The vast majority of parrots love to bathe. It makes sense since many species of parrots originate in tropical climates and in their natural environment are exposed to rainstorms and have ample opportunity to get wet. In the rainy season they may, in fact, get wetter than they would like.
As pet bird owners, we have assumed responsibility for providing our pet parrots with an environment that promotes their mental, emotional, and physical well-being. Along with proper housing, exercise, and diet, providing them a chance to bathe regularly goes a long way toward achieving this goal. Your bird will be happier and healthier if they get to bathe frequently.
Due to the large degree of variation in the size and disposition of parrots, there are many ways that you can employ to let your bird bathe. It may take some experimentation to find a technique that works for both you and your bird, but it is well worth the effort.
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How Parrots Bathe in the Wild
Wild parrots engage in three main methods to keep clean, according to theparrotuniversity.com. They are:
- Powder down – The production of powder down is common to all parrots, with some species such as African Greys and Cockatoos producing copious amounts. This powder is slightly water repellent and sticks to everything, including dirt. As the bird moves about, the dust falls off, removing the dirt with it.
- Preening – Preening is used to spread oil and water through the bird’s feathers as well as to keep them in place. It is an essential part of the bird’s bathing routine.
- Rain – In their native environments, rain is one of the main sources of water for parrots to use for cleansing. They seem to love the sound and feel of rain, and in reaction often excitedly take to grooming and cleaning their feathers. Frequent rain seems to temper this excitement.
Obviously, you have no way to impact your bird’s production of powder down nor its preening habits, but you do control the flow of water in a captive parrot’s life. You are responsible for making it rain, or at least producing a reasonable alternative. It is an important task that will assist in keeping your bird comfortable and in good health.
Benefits of Parrot Bathing?
Parrots living captivity have to cope with some conditions that do not present themselves in their natural habitat. Some of these circumstances can negatively affect your bird and are valid reasons for bathing your parrot.
The confined space of your bird’s cage can become dustier and dirtier than would its nest or roosting place in the wild. Bathing will help your bird keep its feathers and body clean while giving it a chance to engage in some fun exercise. Bathing should be seen as a fun activity, and in many cases, your bird will look forward to it and get excited when it knows bath or shower time has arrived.
Dry skin can always be problematic for parrots, but winter months can be especially hard on captive birds. Humidity is low and, according to birdtricks.com, dries out your parrot’s skin as well as your own. While we can apply lotion to treat dry skin, your parrot may resort to excessive preening or even feather plucking. It is perfectly all right to let your bird bathe when it is cold outside, and you should actually increase the frequency of baths to help counteract dry skin problems.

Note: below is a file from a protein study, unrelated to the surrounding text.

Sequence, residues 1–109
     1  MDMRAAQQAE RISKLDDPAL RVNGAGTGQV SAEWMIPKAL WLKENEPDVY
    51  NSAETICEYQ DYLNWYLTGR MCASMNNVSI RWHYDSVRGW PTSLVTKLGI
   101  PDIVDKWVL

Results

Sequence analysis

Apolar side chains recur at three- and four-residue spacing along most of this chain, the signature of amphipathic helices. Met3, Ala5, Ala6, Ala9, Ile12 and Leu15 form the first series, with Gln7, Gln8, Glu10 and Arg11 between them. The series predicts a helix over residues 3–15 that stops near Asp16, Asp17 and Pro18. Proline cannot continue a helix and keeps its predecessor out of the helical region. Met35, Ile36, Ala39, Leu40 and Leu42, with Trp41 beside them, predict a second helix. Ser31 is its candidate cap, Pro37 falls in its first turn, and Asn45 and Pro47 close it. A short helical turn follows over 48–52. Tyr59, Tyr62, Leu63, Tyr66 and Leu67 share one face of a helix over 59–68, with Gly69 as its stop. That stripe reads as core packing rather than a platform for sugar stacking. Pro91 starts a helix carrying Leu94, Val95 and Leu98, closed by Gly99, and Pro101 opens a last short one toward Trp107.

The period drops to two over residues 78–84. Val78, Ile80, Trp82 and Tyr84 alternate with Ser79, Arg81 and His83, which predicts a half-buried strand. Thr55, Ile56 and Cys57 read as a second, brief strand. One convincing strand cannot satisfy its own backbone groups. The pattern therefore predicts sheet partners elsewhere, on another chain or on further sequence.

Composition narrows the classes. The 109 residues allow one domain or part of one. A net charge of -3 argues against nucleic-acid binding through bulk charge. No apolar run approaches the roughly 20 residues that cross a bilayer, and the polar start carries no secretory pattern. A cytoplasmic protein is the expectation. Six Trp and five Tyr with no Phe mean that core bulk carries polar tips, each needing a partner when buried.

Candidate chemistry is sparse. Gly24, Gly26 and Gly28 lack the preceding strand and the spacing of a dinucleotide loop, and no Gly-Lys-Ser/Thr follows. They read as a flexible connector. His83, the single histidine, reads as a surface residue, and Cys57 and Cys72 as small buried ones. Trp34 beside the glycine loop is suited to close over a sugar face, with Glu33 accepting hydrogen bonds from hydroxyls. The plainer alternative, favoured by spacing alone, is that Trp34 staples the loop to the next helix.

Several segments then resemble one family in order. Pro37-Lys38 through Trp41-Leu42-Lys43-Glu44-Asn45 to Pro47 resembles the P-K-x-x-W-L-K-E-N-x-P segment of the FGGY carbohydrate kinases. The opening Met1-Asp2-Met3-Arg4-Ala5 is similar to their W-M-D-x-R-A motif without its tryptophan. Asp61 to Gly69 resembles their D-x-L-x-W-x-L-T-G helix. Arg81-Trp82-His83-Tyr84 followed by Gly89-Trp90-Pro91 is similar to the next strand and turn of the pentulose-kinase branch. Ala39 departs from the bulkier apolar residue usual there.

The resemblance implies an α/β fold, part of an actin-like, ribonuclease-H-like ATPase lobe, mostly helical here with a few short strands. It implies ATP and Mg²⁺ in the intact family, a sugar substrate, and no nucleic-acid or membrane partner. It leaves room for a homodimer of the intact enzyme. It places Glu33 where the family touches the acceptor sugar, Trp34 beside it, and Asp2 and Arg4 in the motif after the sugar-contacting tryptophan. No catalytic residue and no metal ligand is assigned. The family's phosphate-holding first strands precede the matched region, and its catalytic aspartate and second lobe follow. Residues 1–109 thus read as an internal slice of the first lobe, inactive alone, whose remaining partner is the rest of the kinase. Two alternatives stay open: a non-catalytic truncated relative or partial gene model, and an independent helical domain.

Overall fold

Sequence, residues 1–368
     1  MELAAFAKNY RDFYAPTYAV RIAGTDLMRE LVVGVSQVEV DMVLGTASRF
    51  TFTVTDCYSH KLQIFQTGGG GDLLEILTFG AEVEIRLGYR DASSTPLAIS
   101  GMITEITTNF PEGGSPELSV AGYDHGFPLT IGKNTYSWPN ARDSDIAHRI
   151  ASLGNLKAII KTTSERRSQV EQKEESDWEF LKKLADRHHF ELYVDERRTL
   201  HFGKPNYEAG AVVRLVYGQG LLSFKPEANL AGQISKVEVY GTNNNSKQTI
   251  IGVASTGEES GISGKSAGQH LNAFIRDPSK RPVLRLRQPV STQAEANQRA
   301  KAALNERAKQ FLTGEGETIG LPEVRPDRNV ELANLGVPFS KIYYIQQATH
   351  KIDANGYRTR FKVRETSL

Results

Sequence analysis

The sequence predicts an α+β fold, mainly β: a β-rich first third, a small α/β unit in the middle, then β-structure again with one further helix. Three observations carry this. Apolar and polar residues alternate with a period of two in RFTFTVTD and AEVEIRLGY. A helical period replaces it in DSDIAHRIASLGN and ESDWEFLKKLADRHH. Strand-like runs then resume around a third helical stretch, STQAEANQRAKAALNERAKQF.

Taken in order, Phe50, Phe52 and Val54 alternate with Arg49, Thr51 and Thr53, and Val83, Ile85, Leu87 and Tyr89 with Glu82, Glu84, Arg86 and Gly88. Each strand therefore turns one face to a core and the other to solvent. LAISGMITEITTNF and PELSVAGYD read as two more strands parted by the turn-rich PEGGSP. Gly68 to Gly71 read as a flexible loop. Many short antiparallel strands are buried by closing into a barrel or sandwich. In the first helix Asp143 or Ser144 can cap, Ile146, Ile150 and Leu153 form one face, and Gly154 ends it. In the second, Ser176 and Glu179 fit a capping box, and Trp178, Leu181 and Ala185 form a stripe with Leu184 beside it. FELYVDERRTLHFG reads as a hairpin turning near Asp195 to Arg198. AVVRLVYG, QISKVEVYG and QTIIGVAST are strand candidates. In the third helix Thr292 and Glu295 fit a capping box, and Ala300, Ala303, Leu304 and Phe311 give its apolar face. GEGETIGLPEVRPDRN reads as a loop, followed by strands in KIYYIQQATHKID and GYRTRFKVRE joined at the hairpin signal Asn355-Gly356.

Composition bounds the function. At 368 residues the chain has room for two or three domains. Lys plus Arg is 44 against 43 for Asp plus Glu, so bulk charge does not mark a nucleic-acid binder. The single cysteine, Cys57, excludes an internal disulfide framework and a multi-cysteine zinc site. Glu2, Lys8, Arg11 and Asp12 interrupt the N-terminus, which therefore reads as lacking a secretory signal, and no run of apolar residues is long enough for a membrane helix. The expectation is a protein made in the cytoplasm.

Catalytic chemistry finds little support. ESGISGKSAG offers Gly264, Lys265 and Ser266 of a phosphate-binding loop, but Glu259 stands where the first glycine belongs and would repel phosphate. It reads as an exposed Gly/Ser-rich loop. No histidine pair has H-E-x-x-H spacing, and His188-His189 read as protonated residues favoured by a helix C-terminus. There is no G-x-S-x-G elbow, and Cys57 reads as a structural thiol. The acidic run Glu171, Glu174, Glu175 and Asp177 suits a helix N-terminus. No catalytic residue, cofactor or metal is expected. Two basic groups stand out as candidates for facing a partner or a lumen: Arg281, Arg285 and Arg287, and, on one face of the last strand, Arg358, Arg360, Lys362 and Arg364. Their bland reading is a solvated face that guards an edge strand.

How To Bathe Your Parrot
The method you use to bathe your parrot will be influenced by their size. Small birds are often given bathing opportunities in their cage but with larger birds, you do not always have this option, and out of cage techniques are required. You should never use hot water when bathing your bird. Water that is room temperature or slightly warm to the touch is acceptable. According to petcha.com, distilled water should be avoided as it lacks dissolved minerals and ions.
- Cage mounted baths – There are a number of different types of cage mounted baths that are suitable for bathing small parrots. Some attach to the cage bars and others are meant to be placed in an open cage door at bath time.
- Wet branches or bunches of moist greens – Some birds bathe by rubbing themselves on the wet branches or greens.
- Heavy bath bowl – Use a low-profile dish such a glass pie pan. You want it to be heavy so it cannot be tipped over if your bird perches on it. Filled with one or two inches of water, based on your bird’s size, this makes for a great bath.
Whatever method you use, be sure to replace the wet bedding or cage liners to prevent the moisture from breeding bacteria.
- Shower perches – Many owners of larger pet birds enjoy sharing a shower with them. There are many parrot shower perches available for this use, like the macaw is using one in the video below.
- Sink – Having your bird bathe under gently running water in a sink is another option. Here’s a video of a Sun Conure enjoying a sink bath.
- Bathtub – You may try using a hand-held shower spray with a large bird placed on the floor of a bathtub.
- Spray bottles – Misting your bird with a spray bottle may satisfy its need to bathe. This can be used for both large and small birds.
In all cases, never spray water directly into your bird’s face.
What If My Bird Does Not Want To Bathe?
You should never attempt to force your bird to bathe. The methods employed for bathing a captive parrot are often very different than what they would encounter in their native setting. Your parrot is best acclimated to bathing while it is young, and if you have obtained a bird that is older, it may have been bathed in a different manner or even not at all.
Offer baths frequently and try different dishes or methods until you find one that works. If your parrot shows no interest in bathing, then make sure to spray it down regularly to keep its skin moist. It is important that you find some way to bathe your bird to maintain its good looks and health.